The Knesset Constitution, Law and Justice Committee approved changes to the Population Registry regulations on Wednesday – including regarding the issuance of planned new “smart” electronic ID cards. The approval gives the green light for the Population Registry to begin a two-year pilot of the smart ID cards in the near future.
Under the proposals, citizens receiving a smart ID card will also be given a personal password granting access to read data stored on the card’s electronic chip. That password can be changed, should a citizen request it.
Civil rights attorneys have criticized the smart ID card proposals, particularly plans to include biometric data such as fingerprints, on the cards. Opponents of the biometric ID card plans, including attorney Avner Pinchuk from the Association for Civil Rights in Israel, have warned of “irreversible damage” should Israelis’ biometric data, including fingerprints, be leaked. ACRI says such a leak could greatly increase the risk of identity theft, and that this is a particular concern in the wake of a massive Population Registry data theft.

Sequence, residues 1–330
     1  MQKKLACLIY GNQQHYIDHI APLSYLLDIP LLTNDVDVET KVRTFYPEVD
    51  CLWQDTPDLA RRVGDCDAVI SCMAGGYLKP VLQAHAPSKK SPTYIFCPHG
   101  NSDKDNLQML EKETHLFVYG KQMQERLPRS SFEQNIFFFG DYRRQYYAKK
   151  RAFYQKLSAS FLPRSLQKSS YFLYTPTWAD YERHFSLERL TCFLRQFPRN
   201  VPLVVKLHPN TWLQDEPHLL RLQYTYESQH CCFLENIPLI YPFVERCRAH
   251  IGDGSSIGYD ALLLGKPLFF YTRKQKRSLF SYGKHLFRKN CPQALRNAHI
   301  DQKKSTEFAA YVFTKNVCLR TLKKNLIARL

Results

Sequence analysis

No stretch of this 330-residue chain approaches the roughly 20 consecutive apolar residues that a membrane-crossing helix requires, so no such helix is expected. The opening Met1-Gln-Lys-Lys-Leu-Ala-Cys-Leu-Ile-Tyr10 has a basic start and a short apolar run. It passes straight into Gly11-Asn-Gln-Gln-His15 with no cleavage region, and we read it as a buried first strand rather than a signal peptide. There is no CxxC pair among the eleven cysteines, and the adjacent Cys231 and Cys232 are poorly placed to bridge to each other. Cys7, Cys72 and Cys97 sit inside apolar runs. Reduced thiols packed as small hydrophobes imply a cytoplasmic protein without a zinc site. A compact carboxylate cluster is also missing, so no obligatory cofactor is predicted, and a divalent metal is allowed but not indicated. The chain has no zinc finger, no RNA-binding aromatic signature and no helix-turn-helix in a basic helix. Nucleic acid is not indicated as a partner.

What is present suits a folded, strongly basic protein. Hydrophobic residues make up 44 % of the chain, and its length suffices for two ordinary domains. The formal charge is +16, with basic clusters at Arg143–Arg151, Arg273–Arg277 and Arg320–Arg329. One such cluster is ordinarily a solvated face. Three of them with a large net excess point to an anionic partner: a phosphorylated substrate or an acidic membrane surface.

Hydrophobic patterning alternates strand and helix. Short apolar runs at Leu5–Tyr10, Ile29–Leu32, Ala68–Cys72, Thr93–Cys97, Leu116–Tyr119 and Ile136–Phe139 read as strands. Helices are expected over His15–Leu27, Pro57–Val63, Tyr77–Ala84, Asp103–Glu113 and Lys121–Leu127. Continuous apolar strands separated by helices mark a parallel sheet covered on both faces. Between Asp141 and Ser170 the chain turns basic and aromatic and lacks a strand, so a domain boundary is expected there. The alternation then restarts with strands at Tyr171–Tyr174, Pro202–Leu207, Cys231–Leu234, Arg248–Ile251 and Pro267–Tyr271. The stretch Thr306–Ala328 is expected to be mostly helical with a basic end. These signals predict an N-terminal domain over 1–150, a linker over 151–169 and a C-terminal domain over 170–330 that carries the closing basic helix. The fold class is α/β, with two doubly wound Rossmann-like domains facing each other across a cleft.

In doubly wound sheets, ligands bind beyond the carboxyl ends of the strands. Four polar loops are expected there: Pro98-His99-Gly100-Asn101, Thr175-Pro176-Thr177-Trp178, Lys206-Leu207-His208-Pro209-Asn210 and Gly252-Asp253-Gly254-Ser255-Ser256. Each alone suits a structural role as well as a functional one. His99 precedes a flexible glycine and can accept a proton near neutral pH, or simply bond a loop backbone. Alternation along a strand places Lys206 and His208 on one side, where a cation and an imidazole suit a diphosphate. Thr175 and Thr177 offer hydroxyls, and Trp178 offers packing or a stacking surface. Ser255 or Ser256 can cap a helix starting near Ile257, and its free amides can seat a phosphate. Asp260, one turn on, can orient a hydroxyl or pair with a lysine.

The committee also approved adding new personal information to the main body of ID cards.
Israelis registered as of “no religion” and who chose to marry under the partnership covenant law will be recorded on their ID cards as a “partner in a partnership covenant.”
New ID cards will also record the ID numbers of a person’s spouse and those of any children, as well as the name of the person’s grandfather. Where appropriate and if a parent requests it, the ID card will record that a child has died and state the date of death.